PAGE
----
This month, fresh from her leap into astrophysics for our latest project with the Bloomsbury Festival, Jill Hopper invites us into her writing ‘cocoon’ to share insights into her early love of language and a moving memoir.
We’ll be meeting a new 26 member each month. If you’d like to feature, or nominate another member, drop me a line at firstname.lastname@example.org. Don’t be shy.
Tell us a bit about yourself – where are you from and what do you do?
I’m from Essex originally, but these
days I live in London with my husband and teenage son. I started out as a
reporter on local papers – I took to the newsroom like a second home, and I
still miss it sometimes.
In my late twenties I got a job with a Soho-based contract publishing agency and stayed there for over a decade. I went freelance in 2012 and still can’t believe how well it’s worked out. I’ve got some very interesting clients in the corporate and non-profit sectors and I enjoy the ability to shape my own workload.
did your love of words come from?
Both my parents were language
teachers, and I spent all my childhood summers in France. There were long
evenings around the table with French friends, where I soaked up strange new
words for familiar things. It alerted me to the idea that language isn’t just a
given, it constructs your whole world.
From the age of about seven my
favourite thing to do was read. When I was 12 I started keeping a diary, and I
never stopped. I’ve somehow written a work in 40 volumes without really meaning
made you join 26? And how long have you been a member?
The one downside to freelancing is
that you don’t have colleagues around you. For me, 26 is a kind of virtual
workplace, full of interesting people who are as obsessed with writing as I am.
I became a member about five years
ago, and since then I’ve done some brilliant workshops, like Neil Baker’s
Wordography session where we wandered around the South Bank applying the
lessons of street photography to writing, or Elise Valmorbida’s ‘pitch your
book idea’ seminar. I went on to do Elise’s writing class at Central St Martin’s,
which was instrumental in me finishing my book and finding an agent.
Both Neil and Elise have been
important mentors to me, and I wouldn’t have met them without 26.
you been involved in any 26 projects?
I’ve done five or six now. On the
Armistice 100 Days project last year, I researched my husband’s uncles – two
young brothers who died within a month of each other at the Somme. Without the
project, they would have remained shadowy figures for me.
Last month I took part in 26 Leaps and
found myself writing about an astrophysicist, Dr Ziri Younsi from UCL. We’ve
become friends. Again, hard to imagine that happening without 26 opening the
your ideal scenario for writing? (A coffee shop? Quiet retreat? With or without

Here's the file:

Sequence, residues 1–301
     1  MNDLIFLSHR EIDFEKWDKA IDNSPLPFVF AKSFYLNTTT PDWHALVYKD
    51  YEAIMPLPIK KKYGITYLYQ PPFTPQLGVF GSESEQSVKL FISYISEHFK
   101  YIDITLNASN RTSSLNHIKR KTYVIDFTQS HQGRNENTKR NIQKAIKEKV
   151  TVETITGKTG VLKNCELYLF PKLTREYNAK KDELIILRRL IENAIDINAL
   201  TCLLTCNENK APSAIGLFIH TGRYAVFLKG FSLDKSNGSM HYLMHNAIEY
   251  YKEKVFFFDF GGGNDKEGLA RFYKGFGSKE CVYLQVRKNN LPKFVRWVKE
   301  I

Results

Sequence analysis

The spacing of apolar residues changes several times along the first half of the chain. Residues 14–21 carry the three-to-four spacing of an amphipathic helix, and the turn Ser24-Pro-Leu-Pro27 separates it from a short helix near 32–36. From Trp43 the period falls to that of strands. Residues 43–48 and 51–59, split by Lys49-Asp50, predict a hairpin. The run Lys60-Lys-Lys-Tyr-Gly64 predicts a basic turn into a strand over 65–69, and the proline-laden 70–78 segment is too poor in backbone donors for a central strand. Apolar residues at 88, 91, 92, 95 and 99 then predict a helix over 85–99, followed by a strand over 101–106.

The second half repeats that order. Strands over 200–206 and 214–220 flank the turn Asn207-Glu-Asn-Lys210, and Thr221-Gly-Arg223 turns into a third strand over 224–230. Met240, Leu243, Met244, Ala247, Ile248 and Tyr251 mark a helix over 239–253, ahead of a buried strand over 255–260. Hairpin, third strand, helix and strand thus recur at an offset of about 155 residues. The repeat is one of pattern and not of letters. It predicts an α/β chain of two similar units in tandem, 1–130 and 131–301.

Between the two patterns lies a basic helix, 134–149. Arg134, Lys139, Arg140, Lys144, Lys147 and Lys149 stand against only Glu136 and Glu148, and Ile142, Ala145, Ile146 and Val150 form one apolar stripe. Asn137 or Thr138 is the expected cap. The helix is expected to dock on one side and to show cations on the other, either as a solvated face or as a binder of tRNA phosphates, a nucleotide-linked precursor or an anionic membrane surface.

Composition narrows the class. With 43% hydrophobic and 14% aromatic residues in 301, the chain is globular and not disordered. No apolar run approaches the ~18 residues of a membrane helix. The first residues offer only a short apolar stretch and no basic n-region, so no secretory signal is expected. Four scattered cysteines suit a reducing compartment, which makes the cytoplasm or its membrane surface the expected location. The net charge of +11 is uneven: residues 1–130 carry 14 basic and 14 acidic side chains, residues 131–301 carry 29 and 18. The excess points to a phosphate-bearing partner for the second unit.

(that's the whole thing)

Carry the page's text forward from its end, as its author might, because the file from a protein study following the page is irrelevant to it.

music? What do you do to get yourself in the right frame of mind?)
I have a small study at home, which my
son persuaded me to paint deep red. I find it very easy to concentrate there,
it’s like a cocoon. But I also write when I’m out and about. I like my
notebooks to be battle-scarred – I draw in them and stick things in, and the
pages get stained with mud, sea water, coffee, wine.
are you working on at the moment?
I’m playing with an idea for a new
book. I’m trying not to nail it down too fast, and allow it time to develop. I
have a tendency to be impulsive, which can mean starting off on the wrong
Natalie Goldberg says you have to be
physically strong to be a good writer, and I think that’s true for me. It takes
a lot of stamina to write a book, I’ve discovered.
you tell us about a piece of writing you’re particularly proud of?
When I was young I had an intense
relationship that was cut short when my boyfriend died at the age of 24. I’ve
always wanted to write about him, and last year I finally managed to finish a
memoir, called The Mahogany Pod. I have a
brilliant agent, James Macdonald Lockhart at Antony Harwood, who is submitting
it to publishers at the moment.
The book is about the joy and pain of
being in love, and about how the experience of loss changes over the years. I
have learnt an enormous amount from writing it.
do you get your inspiration?
Ideas often seem to come when I’ve
turned off my brain – cleaning the house or walking to the station. That said,
there are certain things I turn to that never fail: doing research at the National
Archives. Reading Sharon Olds’ poetry. And listening to podcasts. To me there’s
nothing so riveting as real people talking honestly about their lives.
– Jill Hopper, interviewed by Sophie
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